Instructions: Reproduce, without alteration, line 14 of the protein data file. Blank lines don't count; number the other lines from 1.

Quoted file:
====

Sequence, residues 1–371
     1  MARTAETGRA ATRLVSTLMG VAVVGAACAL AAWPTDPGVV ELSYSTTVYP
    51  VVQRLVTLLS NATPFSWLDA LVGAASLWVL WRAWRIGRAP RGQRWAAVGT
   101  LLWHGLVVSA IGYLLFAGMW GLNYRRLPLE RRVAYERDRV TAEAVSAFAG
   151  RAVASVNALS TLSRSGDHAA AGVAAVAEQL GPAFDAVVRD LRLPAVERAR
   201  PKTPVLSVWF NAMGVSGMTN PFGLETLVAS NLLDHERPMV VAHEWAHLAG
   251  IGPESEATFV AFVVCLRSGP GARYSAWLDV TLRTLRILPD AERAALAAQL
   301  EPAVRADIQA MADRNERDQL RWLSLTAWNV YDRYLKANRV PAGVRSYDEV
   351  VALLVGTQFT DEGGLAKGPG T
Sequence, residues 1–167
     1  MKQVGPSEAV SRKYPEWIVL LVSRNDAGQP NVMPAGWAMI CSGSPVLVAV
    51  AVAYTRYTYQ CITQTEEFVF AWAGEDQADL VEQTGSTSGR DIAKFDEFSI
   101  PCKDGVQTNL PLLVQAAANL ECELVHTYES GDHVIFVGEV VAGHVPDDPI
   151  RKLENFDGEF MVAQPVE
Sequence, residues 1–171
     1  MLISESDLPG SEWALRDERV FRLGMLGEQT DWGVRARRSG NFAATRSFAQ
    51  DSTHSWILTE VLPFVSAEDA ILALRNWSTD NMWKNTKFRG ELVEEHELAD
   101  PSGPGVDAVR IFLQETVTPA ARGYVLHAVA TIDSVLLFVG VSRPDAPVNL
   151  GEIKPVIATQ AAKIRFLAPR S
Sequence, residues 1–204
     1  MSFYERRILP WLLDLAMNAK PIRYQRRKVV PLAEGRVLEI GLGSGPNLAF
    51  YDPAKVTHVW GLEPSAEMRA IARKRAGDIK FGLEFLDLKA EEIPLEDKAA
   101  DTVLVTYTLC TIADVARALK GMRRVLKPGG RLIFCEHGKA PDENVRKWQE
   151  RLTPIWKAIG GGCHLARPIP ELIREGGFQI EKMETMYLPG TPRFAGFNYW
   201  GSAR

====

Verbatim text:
   151  RKLENFDGEF MVAQPVE